Frustration Checklist

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  • Created by: Tiffany
  • Created on: 08-10-11 22:40

Frustration Checklist

The background to frustration & its basic rules

Define a frustrating event is one that prevents performance of the contract but is beyond the control of either party.


The original rule on frustrating events was that a party was still bound by all obligations under the contract.

¤        Paradine v Jane


A doctrine was developed in the 19th century so that in such cases obligations finished at the point of the frustrating event.

¤        Taylor v Caldwell

Frustrating Events


          Because of the destruction of the subject-matter

¤        Taylor v Caldwell

          Because of the unavailability of the party

¤        Robinson v Davidson

          Because of the outbreak of war

¤        Metropolitan Water Board v Dick Kerr & Co

          Because of excessive, unavoidable delay

¤        The Evia

Subsequent illegality;

          Because of the law of another country changes

¤        Denny, Mott & Dickinson v James B Fraser

          Because of outbreak of war

¤        Re Shipton Anderson

Commercial Steralisation;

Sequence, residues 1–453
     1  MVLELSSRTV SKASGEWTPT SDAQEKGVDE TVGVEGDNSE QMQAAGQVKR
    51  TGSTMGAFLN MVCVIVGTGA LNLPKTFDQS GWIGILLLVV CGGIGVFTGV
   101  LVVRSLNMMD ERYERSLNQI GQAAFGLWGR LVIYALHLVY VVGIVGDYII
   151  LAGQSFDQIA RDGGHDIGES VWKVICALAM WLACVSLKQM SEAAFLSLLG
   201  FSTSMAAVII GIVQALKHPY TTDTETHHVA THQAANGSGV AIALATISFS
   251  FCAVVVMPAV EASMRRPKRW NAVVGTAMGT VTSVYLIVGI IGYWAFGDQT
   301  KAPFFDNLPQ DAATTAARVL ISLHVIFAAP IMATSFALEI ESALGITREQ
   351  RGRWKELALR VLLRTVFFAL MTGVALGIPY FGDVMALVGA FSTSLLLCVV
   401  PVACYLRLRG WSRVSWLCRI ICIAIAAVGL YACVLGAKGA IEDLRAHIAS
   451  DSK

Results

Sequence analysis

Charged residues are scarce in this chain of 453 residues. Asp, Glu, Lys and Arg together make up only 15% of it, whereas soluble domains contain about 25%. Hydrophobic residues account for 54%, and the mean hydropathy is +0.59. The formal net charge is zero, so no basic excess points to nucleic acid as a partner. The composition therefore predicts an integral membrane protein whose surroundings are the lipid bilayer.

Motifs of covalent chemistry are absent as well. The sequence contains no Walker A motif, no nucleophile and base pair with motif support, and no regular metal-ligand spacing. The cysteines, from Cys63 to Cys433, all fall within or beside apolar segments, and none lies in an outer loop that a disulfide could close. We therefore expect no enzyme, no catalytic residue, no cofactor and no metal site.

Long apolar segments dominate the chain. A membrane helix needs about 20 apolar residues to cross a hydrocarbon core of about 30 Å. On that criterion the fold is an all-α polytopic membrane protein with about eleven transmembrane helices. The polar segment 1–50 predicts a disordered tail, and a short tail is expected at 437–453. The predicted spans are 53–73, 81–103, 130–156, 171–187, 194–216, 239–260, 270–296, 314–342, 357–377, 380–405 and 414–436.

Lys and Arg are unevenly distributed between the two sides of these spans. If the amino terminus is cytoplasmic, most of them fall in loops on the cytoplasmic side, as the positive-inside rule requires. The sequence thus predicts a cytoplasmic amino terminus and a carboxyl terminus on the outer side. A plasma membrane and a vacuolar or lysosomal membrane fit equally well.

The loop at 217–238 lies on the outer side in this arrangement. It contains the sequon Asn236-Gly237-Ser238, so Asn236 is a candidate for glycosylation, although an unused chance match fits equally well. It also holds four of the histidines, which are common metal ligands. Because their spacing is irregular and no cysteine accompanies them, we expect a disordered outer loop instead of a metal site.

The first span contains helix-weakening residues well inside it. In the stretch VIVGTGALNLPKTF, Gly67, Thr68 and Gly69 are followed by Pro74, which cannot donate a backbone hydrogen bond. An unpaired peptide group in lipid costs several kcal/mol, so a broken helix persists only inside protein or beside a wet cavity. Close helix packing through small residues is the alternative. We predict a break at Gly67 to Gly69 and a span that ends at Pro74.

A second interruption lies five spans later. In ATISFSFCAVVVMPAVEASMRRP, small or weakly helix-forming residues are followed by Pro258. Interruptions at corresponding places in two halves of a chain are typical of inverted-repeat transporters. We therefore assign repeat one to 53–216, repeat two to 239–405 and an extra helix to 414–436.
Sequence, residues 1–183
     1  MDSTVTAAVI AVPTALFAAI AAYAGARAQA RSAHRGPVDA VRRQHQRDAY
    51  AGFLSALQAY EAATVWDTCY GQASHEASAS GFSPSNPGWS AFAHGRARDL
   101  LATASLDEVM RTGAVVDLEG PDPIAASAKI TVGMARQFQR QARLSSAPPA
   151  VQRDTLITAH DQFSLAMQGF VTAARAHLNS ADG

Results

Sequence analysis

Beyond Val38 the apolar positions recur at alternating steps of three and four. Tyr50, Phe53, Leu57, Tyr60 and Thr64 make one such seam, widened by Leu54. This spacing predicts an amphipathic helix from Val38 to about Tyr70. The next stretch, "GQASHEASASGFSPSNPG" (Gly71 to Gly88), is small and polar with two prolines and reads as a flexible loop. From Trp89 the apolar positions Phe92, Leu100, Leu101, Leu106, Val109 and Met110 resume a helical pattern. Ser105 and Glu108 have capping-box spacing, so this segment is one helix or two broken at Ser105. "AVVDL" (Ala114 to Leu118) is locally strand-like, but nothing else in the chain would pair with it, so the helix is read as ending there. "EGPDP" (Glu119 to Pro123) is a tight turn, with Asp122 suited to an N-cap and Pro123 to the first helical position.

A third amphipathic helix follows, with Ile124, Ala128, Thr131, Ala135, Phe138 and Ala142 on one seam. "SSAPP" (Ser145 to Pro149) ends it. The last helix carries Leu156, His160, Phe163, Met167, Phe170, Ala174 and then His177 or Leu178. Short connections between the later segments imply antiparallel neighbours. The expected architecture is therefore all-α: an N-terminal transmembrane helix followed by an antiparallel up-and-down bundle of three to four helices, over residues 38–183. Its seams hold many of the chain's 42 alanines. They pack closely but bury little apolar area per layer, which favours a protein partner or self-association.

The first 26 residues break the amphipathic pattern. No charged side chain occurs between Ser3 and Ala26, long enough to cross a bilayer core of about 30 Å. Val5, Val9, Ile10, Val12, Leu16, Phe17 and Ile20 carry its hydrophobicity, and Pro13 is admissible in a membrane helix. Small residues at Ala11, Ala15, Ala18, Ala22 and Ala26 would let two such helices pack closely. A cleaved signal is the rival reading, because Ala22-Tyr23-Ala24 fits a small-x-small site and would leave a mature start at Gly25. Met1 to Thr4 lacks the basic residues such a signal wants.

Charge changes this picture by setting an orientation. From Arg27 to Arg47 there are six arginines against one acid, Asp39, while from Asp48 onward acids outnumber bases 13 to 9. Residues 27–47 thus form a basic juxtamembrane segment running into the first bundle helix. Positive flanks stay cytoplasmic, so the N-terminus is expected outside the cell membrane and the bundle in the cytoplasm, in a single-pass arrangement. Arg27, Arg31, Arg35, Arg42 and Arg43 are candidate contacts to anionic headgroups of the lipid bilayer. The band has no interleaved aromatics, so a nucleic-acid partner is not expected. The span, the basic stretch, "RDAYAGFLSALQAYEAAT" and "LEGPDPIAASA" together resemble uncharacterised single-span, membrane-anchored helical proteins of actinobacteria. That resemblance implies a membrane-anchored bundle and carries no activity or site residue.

Because the purpose in the contract is lost

¤        Krell v Henry

          But not if some commercial purpose remains

¤        Herne Bay Steamboat Co v Hutton

Frustration will not include

Where it is self-induced.

¤        Maritime National Fish Ltd v Ocean Trawlers Ltd

o   A fishing company had 4 trawlers but wished to fish with 5 trawlers. As a result, it chartered a trawler. All 5 trawlers were fitted with a specific type of fishing equipment and each vessel required a licence from the Canadian government before it could be used. The company applied to the Canadian government for 5 licences but in the event was only granted three. It was required to name the trawlers to which the licences applied and used three of its own. It then claimed that the charter had been frustrated and refused to pay for the hire of the trawler. The Privy Council rejected the company’s claim and held that the contract was not discharged. The company could have used one of the three licences for the chartered vessel but instead had chosen to apply the licences to its own vessels. It had not been prevented from completing its obligations by an intervening event but was actually in control. The contract was not frustrated and the court held that the company was bound to pay for hire of the vessel. 

Where the contract is merely more burdensome to perform.

¤        Davis Ltd Contractors v Fareham UDC

¤        Here, the builders wanted to claim that the contract was frustrated in


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